On Friday, June 25th, Former Minneapolis police officer Derek Chauvin was sentenced to 22 years and six months in prison for the murder of George Floyd, which sparked protests across the country and instigated an ongoing conversation about police reform in the United States.
Chauvin was facing up to 40 years in prison, but the prosecution only argued for 30. Judge Peter Cahill ultimately decided that just over 22 years was the proper sentence. During the hearing, Chauvin spoke to the Floyd family for the first time since his arrest, offering his condolences.
In his lengthy statement to the court, Cahill noted that Chauvin killed a man in front of a crowd full of people including children, and that he had abused “a position of trust and authority” and treated Floyd “with particular cruelty.”
Police rarely see jail time when they kill someone on duty, and Ben Crump, an attorney for the Floyd family, said that this case could be a turning point for the country.
“Today represents an opportunity to be a turning point in America. This is the longest sentence that a police officer has been sentenced to in the state of Minnesota,” Crump said.
In a statement to the court earlier this month, Chauvin’s defense attorney, Eric Nelson, had asked the judge to overlook the evidence in the case and give him probation because he was a cop. Nelson said, “look beyond its findings, to his background, his lack of criminal history, his amenability to probation, to the unusual facts of this case, and to his being a product of a ‘broken’ system.”
Nelson also argued that the judge should declare a mistrial because the jury could be influenced by public opinion. When all else failed, Nelson suggested that his team would be appealing the case.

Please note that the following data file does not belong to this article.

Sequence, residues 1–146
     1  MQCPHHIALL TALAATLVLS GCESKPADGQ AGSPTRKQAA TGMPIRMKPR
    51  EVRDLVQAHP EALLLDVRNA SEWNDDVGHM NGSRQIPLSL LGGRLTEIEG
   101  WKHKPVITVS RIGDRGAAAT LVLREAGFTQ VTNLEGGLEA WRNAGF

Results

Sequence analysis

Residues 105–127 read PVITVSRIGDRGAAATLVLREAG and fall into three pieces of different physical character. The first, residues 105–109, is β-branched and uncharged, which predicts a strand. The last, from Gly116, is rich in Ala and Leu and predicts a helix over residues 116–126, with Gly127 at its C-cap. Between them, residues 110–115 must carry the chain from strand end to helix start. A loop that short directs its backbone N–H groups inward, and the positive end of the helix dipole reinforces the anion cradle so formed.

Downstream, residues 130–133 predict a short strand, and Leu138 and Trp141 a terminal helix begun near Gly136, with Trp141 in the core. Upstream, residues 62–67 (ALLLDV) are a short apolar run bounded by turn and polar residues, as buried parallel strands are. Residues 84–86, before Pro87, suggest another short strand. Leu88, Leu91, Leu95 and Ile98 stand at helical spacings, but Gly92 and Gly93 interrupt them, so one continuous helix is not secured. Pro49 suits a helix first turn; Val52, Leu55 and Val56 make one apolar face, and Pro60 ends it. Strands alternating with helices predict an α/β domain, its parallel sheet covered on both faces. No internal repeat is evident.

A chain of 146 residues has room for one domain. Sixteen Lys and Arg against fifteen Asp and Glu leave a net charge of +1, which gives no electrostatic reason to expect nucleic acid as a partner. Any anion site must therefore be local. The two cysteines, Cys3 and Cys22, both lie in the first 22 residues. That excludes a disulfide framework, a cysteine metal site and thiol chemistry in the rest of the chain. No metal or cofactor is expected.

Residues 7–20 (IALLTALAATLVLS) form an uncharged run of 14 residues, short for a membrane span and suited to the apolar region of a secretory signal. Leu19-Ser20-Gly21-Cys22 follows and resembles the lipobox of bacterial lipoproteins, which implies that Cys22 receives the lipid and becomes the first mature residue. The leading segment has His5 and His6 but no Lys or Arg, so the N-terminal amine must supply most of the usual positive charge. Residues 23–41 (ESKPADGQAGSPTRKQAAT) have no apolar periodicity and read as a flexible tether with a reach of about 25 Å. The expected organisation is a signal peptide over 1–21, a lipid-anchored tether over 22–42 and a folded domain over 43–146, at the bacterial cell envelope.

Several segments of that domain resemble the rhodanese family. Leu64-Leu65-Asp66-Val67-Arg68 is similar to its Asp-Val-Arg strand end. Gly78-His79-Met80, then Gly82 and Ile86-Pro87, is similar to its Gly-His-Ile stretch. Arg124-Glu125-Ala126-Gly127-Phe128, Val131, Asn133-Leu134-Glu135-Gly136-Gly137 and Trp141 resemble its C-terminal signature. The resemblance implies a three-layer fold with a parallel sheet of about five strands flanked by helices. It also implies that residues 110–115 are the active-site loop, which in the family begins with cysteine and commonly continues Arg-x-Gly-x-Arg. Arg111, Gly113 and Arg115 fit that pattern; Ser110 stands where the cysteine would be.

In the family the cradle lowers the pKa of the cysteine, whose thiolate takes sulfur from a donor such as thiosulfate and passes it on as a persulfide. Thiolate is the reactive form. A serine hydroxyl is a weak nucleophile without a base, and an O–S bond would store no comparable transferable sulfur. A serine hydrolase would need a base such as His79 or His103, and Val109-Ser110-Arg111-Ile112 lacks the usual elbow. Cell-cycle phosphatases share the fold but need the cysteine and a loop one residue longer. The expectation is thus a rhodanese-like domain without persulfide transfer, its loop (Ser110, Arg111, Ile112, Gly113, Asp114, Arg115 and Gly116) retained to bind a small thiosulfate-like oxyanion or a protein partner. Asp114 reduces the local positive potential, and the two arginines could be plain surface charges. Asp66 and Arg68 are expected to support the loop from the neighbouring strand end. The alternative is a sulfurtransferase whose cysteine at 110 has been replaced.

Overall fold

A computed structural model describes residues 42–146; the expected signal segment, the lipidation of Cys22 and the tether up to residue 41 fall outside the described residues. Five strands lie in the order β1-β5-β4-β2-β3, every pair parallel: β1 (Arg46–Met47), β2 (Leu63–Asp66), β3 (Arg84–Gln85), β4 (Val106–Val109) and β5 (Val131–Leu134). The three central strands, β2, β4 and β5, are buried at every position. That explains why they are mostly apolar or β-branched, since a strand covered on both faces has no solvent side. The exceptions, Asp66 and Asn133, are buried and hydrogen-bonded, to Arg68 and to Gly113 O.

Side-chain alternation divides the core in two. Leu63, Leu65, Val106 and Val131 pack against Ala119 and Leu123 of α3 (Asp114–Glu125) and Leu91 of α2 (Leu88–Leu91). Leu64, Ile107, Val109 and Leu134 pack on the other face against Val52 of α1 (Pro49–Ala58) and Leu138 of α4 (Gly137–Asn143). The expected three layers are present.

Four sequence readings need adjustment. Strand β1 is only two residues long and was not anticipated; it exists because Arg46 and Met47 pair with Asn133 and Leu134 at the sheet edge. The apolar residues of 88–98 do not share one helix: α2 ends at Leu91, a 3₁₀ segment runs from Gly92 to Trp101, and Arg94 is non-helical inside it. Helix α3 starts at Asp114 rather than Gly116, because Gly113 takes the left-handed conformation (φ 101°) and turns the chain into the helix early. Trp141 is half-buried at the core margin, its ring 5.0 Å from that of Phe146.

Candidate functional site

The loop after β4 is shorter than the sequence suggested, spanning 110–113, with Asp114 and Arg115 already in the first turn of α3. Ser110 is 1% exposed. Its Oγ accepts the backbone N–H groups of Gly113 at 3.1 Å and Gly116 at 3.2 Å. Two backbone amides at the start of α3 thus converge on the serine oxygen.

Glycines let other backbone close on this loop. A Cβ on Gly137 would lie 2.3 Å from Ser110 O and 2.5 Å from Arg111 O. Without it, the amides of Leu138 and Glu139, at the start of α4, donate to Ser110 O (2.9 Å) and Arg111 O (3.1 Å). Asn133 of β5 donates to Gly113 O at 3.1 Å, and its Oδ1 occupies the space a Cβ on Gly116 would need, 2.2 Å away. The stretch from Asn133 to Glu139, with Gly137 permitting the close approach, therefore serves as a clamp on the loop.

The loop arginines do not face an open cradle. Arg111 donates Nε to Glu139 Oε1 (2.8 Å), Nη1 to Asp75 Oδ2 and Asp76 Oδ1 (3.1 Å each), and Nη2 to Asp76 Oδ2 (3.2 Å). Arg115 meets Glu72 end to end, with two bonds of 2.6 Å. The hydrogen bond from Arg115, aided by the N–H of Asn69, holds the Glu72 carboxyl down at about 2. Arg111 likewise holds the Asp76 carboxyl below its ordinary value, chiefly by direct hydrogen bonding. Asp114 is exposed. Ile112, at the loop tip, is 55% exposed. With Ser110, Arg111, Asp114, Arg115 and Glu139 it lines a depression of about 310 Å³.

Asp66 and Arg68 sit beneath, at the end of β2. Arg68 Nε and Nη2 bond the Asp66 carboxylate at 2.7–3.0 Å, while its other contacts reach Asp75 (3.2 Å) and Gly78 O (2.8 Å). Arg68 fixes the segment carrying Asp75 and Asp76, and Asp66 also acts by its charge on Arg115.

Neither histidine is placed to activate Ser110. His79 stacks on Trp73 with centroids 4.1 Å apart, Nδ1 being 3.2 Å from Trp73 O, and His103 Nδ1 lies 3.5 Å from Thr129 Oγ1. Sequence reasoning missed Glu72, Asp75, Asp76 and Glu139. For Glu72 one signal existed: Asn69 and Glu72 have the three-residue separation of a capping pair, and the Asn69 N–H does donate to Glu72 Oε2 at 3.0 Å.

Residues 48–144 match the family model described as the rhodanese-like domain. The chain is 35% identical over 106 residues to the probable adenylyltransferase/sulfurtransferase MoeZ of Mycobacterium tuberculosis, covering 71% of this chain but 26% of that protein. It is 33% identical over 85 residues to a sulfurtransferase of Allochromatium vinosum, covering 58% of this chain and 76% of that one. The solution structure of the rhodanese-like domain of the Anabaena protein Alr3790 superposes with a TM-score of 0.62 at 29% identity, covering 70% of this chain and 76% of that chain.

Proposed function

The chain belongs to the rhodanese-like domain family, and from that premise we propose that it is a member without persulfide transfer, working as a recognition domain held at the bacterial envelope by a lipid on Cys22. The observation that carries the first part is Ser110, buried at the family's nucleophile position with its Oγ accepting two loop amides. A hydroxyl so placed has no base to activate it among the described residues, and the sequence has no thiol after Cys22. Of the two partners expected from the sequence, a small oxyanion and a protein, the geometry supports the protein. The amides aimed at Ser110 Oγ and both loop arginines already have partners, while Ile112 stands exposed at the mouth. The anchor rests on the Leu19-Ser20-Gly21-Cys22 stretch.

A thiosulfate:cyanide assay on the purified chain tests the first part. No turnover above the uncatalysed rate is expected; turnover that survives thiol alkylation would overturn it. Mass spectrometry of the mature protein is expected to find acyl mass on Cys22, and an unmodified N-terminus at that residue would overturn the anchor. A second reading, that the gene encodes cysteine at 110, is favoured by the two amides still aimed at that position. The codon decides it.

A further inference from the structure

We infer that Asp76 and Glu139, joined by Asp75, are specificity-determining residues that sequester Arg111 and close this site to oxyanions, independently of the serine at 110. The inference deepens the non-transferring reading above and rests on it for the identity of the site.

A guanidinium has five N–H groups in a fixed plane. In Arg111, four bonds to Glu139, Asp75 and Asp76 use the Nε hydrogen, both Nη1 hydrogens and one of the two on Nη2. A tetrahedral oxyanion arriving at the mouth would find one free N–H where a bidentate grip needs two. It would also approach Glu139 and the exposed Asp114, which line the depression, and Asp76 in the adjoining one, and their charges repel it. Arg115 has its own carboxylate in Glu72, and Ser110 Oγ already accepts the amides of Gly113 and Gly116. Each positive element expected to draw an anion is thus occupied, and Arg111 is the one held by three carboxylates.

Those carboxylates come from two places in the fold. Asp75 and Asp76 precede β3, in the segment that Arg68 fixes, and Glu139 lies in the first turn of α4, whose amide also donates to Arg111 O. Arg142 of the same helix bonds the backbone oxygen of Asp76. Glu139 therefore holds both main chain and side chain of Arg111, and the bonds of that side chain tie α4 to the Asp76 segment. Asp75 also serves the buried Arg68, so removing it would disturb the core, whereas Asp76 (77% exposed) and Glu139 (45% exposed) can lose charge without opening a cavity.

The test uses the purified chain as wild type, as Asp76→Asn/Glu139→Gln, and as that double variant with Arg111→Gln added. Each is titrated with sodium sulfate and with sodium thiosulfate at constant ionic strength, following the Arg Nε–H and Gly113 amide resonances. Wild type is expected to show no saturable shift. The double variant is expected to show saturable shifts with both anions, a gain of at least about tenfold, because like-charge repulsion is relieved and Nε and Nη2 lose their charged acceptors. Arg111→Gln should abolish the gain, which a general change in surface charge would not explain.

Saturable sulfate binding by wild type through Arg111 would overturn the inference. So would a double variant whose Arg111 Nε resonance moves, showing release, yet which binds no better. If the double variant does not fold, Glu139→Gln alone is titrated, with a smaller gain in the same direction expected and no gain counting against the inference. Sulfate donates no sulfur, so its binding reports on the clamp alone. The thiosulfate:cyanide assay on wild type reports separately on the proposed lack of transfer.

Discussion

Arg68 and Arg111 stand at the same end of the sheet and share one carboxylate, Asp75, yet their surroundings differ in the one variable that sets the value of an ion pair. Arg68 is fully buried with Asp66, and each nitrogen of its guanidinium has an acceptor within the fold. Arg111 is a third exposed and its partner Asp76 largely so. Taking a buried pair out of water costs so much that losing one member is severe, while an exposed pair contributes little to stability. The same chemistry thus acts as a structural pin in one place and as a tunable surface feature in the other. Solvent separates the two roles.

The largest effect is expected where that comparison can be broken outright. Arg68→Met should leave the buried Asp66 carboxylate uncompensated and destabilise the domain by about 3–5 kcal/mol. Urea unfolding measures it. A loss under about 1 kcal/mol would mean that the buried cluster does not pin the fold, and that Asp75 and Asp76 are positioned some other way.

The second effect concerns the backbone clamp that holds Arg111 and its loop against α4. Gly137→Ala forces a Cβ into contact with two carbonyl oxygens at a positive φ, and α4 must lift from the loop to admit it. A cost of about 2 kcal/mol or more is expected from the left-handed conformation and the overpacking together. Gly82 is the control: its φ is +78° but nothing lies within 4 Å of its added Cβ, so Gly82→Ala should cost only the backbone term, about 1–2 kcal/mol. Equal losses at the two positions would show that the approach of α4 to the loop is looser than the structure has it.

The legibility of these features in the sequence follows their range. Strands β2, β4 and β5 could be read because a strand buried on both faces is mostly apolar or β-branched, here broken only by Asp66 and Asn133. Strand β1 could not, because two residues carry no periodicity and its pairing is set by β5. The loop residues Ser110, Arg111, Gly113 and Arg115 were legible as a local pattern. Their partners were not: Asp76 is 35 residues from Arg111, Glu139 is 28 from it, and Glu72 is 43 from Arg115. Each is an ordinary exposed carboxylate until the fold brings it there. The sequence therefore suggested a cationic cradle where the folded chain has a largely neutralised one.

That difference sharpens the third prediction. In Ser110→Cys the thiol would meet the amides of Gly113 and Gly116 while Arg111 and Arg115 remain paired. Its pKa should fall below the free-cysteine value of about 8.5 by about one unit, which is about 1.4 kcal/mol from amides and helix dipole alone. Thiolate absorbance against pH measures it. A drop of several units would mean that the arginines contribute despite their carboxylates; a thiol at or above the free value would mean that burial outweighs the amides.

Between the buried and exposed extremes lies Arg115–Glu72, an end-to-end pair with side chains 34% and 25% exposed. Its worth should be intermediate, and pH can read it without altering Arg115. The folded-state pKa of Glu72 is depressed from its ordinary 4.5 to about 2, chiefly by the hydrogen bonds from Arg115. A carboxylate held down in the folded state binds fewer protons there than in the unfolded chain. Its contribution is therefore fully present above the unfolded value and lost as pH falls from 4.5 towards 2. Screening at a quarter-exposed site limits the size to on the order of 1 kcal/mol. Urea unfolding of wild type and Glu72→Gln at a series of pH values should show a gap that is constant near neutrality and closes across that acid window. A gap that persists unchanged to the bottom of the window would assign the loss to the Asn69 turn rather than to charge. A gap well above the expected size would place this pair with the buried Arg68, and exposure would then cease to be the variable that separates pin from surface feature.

Derek Chauvin was with the Minneapolis Police Department for 19 years, and in that time, he has been involved in multiple shootings in which people were killed, and has had multiple excessive force complaints.
While he was arresting George Floyd, he kept his knee on the back of his neck and forced him to remain face down on the pavement, as Floyd struggled to breathe, and begged for his life with the remaining air that he could muster. It is not proper protocol to kneel on the back of a person’s neck, because that is an extremely sensitive area, and a lot of damage can be done if enough force is applied to certain areas of the neck. Also, there is no need to take such measures with a man who is already in handcuffs.
The defense attorneys for the officers who were charged with the killing will argue that they were justified because Floyd was not immediately obedient, and because he begged the officers not to hurt or arrest him. Passing off a fake twenty-dollar bill should not be an offense that lands someone in handcuffs, so he had every right to plead and protest with the officers about getting arrested over such a petty offense.